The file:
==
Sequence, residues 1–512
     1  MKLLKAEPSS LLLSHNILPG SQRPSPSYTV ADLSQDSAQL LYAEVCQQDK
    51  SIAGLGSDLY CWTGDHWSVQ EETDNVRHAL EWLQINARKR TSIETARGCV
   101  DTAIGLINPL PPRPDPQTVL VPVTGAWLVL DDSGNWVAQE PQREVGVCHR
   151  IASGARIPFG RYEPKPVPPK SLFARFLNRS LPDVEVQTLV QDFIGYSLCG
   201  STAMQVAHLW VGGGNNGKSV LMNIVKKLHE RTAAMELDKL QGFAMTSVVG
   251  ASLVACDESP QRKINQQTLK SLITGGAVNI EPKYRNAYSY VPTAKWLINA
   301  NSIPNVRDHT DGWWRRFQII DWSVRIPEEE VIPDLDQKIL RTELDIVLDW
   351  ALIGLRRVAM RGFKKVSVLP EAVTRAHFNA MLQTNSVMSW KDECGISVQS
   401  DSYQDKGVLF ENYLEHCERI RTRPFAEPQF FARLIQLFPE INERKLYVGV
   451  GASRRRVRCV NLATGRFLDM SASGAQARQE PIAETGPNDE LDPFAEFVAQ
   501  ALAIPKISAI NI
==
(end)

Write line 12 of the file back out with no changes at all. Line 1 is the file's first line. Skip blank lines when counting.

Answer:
   501  ALAIPKISAI NI